You need to make a negative-mood gypseous form and wash it thus getting rid of the bits of clay or plasticine left. Cut several small pieces of foam rubber – these will be the “sponges” that you’ll use to cover the mask with latex. Cut a wide bandage roll or gauze in small pieces. The size is, approximately, 10x10 cm. You will need to glue gauze to those areas of the mask that should keep the form. These are big wrinkles, cheeks, chin, forehead, neck, nose and temples. Do not glue gauze to the area of eyes and mouth. These are the places where only latex should be. If it’s possible, you need to make the layer of latex as thin as possible there. This way the latex there will be elastic and the edges will be thin.
If you want your mask to be tougher and have a bigger life span, mix latex with PVA adhesive. There should be 2 cups of latex for 1 cup of PVA. This is a good solution in case you are making a mask for all your head. Such a mask should keep its form well and have a long life span. If you are working with the mixture of latex and PVA, ho not use a hair dryer since the surface in this case becomes uneven and doesn’t dry equally.
In the majority of cases, there is no need to use PVA. The gauze will make the mask tough enough. This refers also to the process of creation noses, bald patches, face covers etc. If the item you are making is small, you do not need gauze at all.
You need to wash the form several times with soapy cream, dry it and take away with the help of a brush the excess of soap left. This is necessary in order for the mask not to stick to the gypsum.
With the help of a foam rubber piece, you cover the mask with the first layer of latex so that there are no air bubbles. You do it as if you are making stamps on it carefully and neatly. You’d better circumfuse the form with a lot of latex and smear the whole surface with a foam rubber “sponge”. You merge the excess. The first several layers are the most important, they should dry on them own!
Cover the form with 3 layers. Once the 3rd layer completely dries, you may start putting gauze on those areas that should keep the form.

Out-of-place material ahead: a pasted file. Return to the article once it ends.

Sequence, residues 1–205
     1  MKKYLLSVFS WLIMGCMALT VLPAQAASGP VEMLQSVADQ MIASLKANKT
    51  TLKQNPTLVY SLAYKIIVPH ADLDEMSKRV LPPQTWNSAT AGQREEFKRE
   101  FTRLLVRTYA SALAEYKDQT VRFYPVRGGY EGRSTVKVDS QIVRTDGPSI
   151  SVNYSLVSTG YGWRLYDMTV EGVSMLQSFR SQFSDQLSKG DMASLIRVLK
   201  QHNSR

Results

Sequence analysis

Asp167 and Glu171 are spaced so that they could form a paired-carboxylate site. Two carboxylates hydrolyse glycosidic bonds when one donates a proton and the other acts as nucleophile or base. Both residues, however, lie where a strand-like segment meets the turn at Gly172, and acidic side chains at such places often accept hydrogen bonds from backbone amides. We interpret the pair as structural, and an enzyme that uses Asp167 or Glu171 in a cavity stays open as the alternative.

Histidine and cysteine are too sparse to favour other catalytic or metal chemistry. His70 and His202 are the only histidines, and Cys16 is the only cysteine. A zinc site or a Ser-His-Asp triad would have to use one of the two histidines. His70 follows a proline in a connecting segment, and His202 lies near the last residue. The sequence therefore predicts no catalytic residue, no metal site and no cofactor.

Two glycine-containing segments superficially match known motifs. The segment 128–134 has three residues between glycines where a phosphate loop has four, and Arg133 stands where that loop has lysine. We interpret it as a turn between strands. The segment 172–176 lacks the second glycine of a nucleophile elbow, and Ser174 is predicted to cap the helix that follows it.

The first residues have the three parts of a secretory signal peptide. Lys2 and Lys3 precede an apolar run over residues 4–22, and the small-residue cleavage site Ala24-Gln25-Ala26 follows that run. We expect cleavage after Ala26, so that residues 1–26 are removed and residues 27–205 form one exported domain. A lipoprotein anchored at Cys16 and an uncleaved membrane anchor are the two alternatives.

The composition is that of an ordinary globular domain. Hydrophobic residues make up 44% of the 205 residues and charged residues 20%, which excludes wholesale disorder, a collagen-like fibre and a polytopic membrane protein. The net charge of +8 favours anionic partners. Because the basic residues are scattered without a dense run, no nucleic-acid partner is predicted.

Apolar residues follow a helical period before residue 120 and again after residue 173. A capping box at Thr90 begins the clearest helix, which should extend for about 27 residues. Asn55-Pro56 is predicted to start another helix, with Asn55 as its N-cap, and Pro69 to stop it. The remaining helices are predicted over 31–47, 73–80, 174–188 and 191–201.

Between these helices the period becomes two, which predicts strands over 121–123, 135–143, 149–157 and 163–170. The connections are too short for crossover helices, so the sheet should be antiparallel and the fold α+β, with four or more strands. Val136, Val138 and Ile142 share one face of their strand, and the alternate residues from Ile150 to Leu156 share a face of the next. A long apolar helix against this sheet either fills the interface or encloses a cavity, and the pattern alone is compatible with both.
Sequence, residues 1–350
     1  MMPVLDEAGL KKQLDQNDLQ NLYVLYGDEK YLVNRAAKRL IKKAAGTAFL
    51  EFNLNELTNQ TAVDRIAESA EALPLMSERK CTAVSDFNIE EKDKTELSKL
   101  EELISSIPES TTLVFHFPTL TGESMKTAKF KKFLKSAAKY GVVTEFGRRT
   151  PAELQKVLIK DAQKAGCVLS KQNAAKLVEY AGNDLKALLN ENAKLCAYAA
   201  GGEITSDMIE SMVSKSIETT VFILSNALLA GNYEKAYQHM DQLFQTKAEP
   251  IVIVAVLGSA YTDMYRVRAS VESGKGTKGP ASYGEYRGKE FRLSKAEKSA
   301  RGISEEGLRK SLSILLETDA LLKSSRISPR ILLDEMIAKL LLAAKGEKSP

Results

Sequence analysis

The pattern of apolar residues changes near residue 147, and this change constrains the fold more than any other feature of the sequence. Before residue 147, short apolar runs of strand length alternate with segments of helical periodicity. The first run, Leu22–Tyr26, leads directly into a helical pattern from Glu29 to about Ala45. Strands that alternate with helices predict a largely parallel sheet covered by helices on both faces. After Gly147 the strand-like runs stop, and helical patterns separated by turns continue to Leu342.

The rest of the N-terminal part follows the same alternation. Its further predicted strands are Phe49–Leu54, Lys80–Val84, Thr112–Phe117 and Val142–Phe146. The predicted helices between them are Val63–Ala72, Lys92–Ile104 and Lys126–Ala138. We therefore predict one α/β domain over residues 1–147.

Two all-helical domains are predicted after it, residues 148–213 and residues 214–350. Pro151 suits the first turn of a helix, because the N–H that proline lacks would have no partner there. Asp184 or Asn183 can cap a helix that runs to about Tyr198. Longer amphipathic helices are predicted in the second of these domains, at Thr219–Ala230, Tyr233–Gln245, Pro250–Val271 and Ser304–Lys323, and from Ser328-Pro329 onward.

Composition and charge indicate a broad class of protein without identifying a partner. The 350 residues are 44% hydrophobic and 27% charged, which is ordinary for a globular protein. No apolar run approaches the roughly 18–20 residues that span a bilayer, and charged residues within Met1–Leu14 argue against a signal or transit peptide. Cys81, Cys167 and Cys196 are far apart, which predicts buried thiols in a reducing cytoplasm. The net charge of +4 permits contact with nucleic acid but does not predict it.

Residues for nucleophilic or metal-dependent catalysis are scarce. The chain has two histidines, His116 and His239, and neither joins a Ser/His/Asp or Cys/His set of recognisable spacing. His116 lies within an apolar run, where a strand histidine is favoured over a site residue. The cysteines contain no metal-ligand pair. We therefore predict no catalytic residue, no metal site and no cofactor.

Cover with more 2-3 layers of latex (combined with gauze). Give each layer time to dry well. The number of layers to be done depends on the thickness and quality of the latex and on the purpose of the article. Here you’d better not put latex on the area of mouth and eyes. This way the edges won’t be thick. Press the empty spaces areas when you’re putting on gauze and when you are simply covering the form with latex using a foam rubber “sponge”. Try not using tiny pieces of gauze. If you do, the surface will get uneven. Keep an eye on the gauze so that it’s not tightened over the holes but covered them well. The number of layers to be done depends on the purpose of the article. It’s very likely that gauze won’t be needed for the creation of face covers.
Having covered the whole area, soak the gauze in latex, give it time to dry a bit and stamp the empty spaces so that the inner surface of the mask gets even and there are no gauze knots. Let all layers dry. You may dry them with the help of a hair dryer as much as needed.
“Powder” the mask thoroughly with talc. Catch the latex (on the place where it won’t be seen) and take it out of the form. While you’re taking it out, keep on thoroughly powdering latex so that it doesn’t stick together!
Before painting the mask, wash it so that to get rid of the bits of soap left. Then, powder latex again.
Latex articles are painted either with the help of castor greasepaint (it’s more advisable to use) or acrylic paint for cloth. You also may add colorants right into the latex while it’s liquid. These are dry pigments, colours used in building, gouache and acrylic paints. If you add acrylic paints, the latex will become a bit thicker and it will come off the skin faster in case you put on your face a mask made out of liquid latex that was coloured.